- Resources for Journalists
European countries have spent months debating what to do with data collected through contact tracing apps. A lack of consensus, as well as the launch of new systems by Apple and Google, lessened the chances of a unified protocol among the bloc. What is clear is that Europe always prioritised the data protection of its own users.
Member states have imposed eight hundred and eighty sanctions since the law was introduced in May 2018, but the war against the tech giants has just begun. If the EU wants to win it, it will need to commit to it with greater investment and cooperation from all its members.
The cost of a good internet connection varies widely within the European Union, with countries around the Adriatic paying the most. Meanwhile, Romania, with a world-class network and competitive prices, is a case apart.
Over the last year and a half internet speeds in Europe have increased by more than fifty percent. Unfortunately, the gap between urban and more rural areas, and between north European countries and those in the south-east, has also grown.
When you open a website, the question immediately pops up: what data do you want to share with the service provider? In the EU, on average, 50% of internet users refuse to allow their personal data to be used for advertising.
Action is being taken to increase transparency on the processing of users’ personal data on the internet, but the main digital advertisers still rely on intrusive practices that try to influence people’s behaviours. European regulation on data protection could mitigate the issue, but its enforcement is limited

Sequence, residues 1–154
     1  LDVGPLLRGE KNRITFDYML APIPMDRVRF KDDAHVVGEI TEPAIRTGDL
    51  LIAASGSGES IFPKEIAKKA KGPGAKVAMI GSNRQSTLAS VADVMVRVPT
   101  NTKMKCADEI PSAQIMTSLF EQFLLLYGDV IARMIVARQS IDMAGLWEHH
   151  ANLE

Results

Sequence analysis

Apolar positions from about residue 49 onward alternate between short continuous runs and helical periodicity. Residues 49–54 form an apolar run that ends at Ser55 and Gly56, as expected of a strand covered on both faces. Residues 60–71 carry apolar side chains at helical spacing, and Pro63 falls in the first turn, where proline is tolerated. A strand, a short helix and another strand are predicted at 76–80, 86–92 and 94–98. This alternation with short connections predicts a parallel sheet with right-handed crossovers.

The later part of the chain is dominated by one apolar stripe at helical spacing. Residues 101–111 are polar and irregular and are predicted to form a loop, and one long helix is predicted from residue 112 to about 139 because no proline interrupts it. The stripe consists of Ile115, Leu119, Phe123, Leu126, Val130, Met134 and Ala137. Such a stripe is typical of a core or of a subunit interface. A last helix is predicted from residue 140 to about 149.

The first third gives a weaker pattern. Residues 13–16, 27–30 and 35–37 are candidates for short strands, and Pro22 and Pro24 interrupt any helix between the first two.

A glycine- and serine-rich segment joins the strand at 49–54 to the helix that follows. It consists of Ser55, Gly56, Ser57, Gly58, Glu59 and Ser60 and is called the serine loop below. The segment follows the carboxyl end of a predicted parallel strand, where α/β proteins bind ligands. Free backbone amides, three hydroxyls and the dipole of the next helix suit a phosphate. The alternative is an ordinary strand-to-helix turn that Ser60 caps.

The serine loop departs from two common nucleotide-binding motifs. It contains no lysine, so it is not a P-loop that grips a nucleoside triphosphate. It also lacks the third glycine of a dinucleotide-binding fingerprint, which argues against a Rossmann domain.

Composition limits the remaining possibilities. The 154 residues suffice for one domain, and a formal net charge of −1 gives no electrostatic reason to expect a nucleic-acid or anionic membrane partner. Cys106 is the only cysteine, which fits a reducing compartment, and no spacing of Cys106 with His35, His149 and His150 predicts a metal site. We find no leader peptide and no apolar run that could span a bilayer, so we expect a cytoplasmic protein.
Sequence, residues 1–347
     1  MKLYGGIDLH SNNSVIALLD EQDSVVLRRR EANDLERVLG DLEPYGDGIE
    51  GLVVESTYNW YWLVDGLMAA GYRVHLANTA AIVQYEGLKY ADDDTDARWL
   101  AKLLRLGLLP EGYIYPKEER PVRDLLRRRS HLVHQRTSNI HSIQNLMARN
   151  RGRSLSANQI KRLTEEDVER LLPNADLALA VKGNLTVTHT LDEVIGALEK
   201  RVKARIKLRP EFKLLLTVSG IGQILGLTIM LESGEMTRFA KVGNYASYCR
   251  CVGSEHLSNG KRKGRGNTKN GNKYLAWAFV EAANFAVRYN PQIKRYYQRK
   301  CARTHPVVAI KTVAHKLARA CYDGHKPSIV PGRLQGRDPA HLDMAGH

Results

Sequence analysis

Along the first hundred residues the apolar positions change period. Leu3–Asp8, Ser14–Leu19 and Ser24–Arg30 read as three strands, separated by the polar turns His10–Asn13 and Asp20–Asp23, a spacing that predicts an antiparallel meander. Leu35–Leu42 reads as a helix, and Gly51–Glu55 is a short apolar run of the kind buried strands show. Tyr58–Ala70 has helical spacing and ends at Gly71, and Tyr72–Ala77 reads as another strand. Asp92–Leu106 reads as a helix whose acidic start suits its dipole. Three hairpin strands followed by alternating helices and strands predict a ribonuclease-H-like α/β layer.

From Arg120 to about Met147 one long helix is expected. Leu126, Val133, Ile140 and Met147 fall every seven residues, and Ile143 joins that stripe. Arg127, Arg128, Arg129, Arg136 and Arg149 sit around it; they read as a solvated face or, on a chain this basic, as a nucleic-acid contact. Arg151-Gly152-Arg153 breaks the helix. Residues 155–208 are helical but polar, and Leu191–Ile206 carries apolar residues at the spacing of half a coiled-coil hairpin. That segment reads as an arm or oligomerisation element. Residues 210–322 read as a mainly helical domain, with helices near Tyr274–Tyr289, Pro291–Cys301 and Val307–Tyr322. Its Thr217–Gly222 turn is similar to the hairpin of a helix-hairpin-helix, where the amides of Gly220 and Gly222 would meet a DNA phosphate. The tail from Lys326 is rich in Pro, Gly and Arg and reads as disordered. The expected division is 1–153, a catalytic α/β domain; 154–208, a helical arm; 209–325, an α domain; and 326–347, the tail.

An exclusive investigation reveals that Instagram prioritizes photos of scantily-clad men and women, shaping the behavior of content creators and the worldview of 140 millions Europeans in what remains a blind spot of EU regulations.
Over the years, Big Tech companies have morphed from mere platforms to major international players with vested financial and political motives and connections. Their roles in influencing elections in Europe must be seriously addressed.
The road towards universally accessible ultra-fast connectivity in Europe still seems long and bumpy.
The online advertising system is based on the collection and sharing of user data, in an opaquely competitive market which rests mostly in a few powerful hands, including Google. Privacy and data protection are at issue, and Europe is debating what action should be taken.